German Iowa and the Global Midwest explores Iowa’s multicultural history through one of the largest groups of European origin to settle in the state. Through this history, the project illuminates themes of present-day importance, such as bilingualism and anti-immigration sentiment.
German Iowa & the Global Midwest, 2016-17
German Iowa and the Global Midwest was a three-day symposium (Oct. 6-8, 2016) that explored Iowa's multicultural heritage. Part of a larger series of linked events, the 2016 Obermann Symposium was a tremendous success, gaining considerable local, statewide, and even national attention. For a full schedule and a list of related resources, visit https://germansiniowa.com/.
- The talks were excellent, the audiences filled the rooms, and the question and answer periods were animated and productive.
- Frank Trommler, an Ida Beam speaker, gave two public talks. The first, in the public library (ICPL), required more chairs (80-90). The second, in the Senate Chamber of the Old Capitol, also was well attended (60-70). The latter event was introduced by Provost Barry Butler, who offered an introduction to the German Consul General Herbert Quelle.
- Among the many well-attended and thoughtful panels, the the student panel stood out. Undergraduates gave papers that one member of the audience remarked were every bit as good as those one would expect at a national conference. The students who presented had the opportunity to do so alongside people whose work they have been reading for years. There is no question that students who attended these events benefited greatly. They have been inspired to pursue their own research projects, and it is reasonable to expect that they will seek out similar events in the future.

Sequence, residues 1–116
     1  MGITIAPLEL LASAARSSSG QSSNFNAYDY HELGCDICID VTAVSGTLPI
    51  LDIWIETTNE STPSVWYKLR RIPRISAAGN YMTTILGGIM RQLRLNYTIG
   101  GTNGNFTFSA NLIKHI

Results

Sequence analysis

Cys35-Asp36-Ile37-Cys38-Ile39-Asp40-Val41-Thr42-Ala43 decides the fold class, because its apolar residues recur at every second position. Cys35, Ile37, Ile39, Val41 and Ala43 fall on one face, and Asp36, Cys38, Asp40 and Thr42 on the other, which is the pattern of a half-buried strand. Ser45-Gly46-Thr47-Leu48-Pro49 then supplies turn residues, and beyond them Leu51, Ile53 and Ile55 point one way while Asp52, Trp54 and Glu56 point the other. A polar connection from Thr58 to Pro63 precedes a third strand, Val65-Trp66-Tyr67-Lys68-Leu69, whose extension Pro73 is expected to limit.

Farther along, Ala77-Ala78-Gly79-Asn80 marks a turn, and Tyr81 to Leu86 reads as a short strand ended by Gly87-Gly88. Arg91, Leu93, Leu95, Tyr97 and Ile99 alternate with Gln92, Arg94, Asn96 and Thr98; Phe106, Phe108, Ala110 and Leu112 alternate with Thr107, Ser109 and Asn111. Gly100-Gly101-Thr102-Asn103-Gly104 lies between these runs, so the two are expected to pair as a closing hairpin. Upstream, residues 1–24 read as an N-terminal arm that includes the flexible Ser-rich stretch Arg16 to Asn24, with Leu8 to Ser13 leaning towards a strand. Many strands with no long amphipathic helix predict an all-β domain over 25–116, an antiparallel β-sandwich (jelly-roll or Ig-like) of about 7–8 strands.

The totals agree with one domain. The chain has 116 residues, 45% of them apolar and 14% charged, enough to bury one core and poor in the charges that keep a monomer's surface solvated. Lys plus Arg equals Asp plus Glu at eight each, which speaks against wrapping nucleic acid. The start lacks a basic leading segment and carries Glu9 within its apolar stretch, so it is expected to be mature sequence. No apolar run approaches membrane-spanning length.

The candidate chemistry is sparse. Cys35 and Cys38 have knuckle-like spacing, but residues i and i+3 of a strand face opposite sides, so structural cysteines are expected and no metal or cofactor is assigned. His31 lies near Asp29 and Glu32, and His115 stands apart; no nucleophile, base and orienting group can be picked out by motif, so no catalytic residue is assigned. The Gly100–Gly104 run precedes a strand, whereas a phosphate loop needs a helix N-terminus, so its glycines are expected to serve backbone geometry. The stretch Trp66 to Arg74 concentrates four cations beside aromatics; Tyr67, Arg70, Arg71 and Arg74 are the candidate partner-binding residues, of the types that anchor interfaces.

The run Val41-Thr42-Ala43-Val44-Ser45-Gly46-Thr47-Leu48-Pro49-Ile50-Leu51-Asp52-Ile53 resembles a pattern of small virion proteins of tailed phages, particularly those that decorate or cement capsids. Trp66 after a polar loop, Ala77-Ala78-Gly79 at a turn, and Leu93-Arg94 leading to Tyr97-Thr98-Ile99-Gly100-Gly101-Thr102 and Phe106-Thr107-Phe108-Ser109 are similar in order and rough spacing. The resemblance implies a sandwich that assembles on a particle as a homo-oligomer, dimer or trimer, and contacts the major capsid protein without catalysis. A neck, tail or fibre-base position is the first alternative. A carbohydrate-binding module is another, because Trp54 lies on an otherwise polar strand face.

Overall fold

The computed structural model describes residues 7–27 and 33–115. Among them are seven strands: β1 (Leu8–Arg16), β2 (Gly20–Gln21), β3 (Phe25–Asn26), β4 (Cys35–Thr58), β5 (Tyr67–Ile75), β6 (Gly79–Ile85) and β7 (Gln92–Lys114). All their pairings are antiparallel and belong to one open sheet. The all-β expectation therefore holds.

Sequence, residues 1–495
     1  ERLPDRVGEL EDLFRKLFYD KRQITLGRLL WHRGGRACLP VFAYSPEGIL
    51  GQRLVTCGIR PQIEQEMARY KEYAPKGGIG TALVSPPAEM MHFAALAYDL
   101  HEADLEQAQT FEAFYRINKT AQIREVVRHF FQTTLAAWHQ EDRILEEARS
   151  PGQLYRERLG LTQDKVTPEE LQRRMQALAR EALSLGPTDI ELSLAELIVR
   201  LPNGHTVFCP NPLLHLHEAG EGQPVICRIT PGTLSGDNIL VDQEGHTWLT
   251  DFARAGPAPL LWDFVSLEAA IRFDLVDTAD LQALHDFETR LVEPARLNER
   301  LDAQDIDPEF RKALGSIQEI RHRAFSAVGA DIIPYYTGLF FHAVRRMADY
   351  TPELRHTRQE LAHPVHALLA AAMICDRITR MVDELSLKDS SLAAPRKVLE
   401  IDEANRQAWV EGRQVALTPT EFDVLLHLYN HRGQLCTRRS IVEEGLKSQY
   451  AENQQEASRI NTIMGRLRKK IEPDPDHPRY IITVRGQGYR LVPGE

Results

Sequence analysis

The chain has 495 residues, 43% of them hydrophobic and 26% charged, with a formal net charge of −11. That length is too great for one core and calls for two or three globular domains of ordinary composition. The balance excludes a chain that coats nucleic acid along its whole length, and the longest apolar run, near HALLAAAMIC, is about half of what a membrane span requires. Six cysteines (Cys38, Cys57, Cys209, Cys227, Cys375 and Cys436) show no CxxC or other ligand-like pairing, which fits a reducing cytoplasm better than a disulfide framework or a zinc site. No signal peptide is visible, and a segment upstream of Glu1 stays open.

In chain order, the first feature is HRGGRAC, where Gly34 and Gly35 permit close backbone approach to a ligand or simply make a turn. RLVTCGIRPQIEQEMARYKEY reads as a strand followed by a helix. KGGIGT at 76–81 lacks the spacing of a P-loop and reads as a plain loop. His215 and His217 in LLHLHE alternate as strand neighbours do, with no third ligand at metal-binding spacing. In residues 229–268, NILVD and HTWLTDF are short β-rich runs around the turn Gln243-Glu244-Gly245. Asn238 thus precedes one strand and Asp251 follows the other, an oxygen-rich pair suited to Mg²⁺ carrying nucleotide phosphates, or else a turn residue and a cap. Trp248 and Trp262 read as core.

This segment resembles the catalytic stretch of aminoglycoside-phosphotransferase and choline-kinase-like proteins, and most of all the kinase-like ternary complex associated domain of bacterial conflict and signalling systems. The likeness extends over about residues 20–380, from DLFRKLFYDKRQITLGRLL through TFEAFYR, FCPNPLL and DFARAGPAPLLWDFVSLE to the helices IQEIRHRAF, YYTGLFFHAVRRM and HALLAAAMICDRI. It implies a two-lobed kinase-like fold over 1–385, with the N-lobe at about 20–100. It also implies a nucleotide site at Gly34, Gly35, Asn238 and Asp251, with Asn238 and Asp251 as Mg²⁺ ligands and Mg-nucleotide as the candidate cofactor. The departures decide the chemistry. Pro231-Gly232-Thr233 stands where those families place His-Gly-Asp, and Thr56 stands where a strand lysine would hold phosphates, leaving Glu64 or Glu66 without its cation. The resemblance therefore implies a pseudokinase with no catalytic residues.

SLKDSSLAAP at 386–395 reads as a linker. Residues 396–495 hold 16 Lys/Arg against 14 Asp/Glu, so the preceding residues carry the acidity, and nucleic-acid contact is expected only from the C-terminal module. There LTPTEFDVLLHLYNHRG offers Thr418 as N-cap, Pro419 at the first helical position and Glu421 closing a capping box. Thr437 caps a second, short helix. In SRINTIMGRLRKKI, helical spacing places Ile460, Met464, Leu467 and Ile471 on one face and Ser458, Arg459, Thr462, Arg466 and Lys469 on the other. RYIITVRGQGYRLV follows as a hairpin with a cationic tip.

- The symposium included two musical events, in partnership with the School of Music. The quality of the performances combined with Glenn Ehrstine's research and discussion of German music in Iowa around the turn of the century made the Sangerfest performance especially lively. Again, undergraduate and graduate students who attended this and the subsequent performance, organized by one of our graduate students, came away with a completely different vision of life in Iowa 100 years ago--German or otherwise. During both performances the auditoriums were filled, with many standing and sitting in the aisles.
- The final day's panels did not lose any momentum. In fact, the last panel on German Jews in Iowa brought in large numbers of people from the community (75-80).
Other Successes and Outcomes
- Glenn Penny and Glenn Ehrstine incorporated the program as well as the museum exhibit into their classes with great success. Some 50 students wrote short papers on the presentations for Penny’s classes. Discussions in those classes have continued to go back to these presentations all semester.
- Two special journal issues were being planned immediately following the symposium: an issue of Jewish Studies Journal and and issue of a migration history journal.
- A conference report, written by graduate students, was published on H-Net, while a reflection of the German Iowa and the Global Midwest project is being negotiating with German Studies Review.
- The co-directors are in conversation with a group of Germans who attended from the University of Münster to develop an exchange program, a means to bring their students to Iowa to work with local materials and communities.